Death of patient sparks first aid fears

A CORONER has heavily criticised a Suffolk care home over the level of first aid training given to its staff following the death of an 88-year-old woman.

Anthony Bond

A CORONER has heavily criticised a Suffolk care home over the level of first aid training given to its staff following the death of an 88-year-old woman.

At Ipswich Crown Court yesterdayGreater Suffolk Coroner Dr Peter Dean said he was “deeply troubled” following the death of Florence Smith at residential care home Shaftesbury House in Ipswich.

The inquest heard that the retired carer choked on a jam sandwich on May 24 this year. But of the four staff working at the time, only one had basic first aid training, and this did not include knowledge of how to use the potentially life saving Heimlich Manoeuvre.


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And despite the incident happening almost five months ago, Dr Dean said it was “astonishing” that staff at the Sanctuary Care owned home had still not received further first aid training.

He said: “I am really greatly troubled by the evidence that I have heard.

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“It does worry me that if the same set of circumstances occurred tomorrow, there would still be nobody there in the home with simple additional training that could help save a life.

“The staff members who gave evidence today are still there doing the same job and have still not received further training and that seems astonishing given the tragedy that took place a number of months ago.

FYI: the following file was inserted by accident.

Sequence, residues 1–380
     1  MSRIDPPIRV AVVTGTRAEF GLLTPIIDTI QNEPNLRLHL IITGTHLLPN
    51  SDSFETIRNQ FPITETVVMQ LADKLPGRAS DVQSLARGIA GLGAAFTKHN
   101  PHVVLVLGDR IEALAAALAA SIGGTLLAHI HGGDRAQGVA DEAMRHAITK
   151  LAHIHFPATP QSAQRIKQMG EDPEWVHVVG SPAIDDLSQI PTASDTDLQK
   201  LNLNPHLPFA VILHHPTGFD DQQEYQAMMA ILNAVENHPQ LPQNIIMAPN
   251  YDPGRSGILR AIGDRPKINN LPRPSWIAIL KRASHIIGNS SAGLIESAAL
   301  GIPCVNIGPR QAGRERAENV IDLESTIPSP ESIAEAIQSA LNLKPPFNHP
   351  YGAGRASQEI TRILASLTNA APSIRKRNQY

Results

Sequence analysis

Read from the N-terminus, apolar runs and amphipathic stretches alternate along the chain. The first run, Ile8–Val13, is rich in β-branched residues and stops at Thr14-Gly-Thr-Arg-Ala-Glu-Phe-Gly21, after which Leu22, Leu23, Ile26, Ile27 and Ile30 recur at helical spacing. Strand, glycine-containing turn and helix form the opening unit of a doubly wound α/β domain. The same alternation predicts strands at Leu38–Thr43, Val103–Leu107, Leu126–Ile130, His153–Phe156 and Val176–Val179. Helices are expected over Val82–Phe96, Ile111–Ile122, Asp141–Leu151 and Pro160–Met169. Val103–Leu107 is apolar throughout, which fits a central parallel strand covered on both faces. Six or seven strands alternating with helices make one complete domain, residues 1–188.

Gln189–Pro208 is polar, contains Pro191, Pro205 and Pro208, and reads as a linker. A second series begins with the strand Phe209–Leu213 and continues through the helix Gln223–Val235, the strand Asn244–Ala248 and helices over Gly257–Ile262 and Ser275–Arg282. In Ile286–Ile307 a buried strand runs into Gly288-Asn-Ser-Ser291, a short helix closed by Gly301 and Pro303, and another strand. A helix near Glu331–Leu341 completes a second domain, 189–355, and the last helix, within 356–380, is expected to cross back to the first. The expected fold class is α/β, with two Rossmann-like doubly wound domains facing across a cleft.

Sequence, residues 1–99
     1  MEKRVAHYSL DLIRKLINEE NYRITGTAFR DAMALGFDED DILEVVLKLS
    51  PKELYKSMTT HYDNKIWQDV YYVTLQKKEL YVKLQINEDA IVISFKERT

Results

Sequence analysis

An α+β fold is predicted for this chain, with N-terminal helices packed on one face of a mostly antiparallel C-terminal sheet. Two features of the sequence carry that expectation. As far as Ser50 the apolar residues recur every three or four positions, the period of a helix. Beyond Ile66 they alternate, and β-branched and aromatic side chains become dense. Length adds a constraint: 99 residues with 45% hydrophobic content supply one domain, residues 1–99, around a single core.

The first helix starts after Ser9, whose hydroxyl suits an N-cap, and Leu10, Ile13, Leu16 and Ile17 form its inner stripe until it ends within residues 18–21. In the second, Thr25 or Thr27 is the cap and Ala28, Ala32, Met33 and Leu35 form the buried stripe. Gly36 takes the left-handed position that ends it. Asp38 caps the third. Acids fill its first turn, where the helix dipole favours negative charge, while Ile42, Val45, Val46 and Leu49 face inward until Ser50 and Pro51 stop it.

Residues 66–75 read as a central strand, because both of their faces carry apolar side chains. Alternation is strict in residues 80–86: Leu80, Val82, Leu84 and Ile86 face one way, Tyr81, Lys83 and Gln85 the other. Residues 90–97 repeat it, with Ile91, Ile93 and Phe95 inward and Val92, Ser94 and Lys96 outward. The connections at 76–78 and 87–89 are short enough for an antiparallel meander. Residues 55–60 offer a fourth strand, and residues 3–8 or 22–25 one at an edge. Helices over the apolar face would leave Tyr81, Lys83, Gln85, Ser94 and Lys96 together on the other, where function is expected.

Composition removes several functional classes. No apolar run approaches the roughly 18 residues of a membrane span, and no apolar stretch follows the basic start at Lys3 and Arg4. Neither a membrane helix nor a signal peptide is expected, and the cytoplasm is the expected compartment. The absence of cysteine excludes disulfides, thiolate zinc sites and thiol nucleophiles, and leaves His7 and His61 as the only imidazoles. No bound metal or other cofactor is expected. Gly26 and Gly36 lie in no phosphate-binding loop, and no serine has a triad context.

“From the evidence it is clear that there is a need for significantly more training than is currently in place.”

As Mrs Smith was choking, carers attempted to help her before the paramedics arrived. But she lost consciousness, which the court heard would have resulted in brain damage. She died 11 days later at Ipswich Hospital.

Staff members at Shaftesbury House admitted during yesterday'sinquest that they needed more first aid training.

When one carer was asked by Dr Dean that if a similar incident happened tomorrow, would they be in the same position as with Mrs Smith, one carer replied “Yes”.

Speaking after the inquest, Ipswich resident Rosie Jay, 53, one of Mrs Smith's two daughters, said: “Because she was a fit and healthy person she would have been with us today had they performed the Heimlich Manoeuvre. There was no need for her to die. We had to watch her die for 11 days.

“The staff should have been trained since my mother's death. We are talking about five months and nothing has been done. It is just not fair for the other residents. It is not the fault of the staff. We have been robbed of a mother. She was not ready to go.”

In recording a verdict of accidental death, Dr Dean ordered that a transcript of the report be sent to Sanctuary Care as well as the Commission for Social Care Inspection.

A spokesperson from Sanctuary Care said: “We extend our deepest sympathies to the family of Florence Smith.

“We are contacting the coroner directly to find out his recommendations in this case and we are conducting a full assessment of the transcript of the inquest. Sanctuary has policies that require all care staff to be appropriately trained and has appointed a nationally recognised training provider. We are conducting a full internal investigation into this isolated but nevertheless tragic incident to ensure lessons are learned.”

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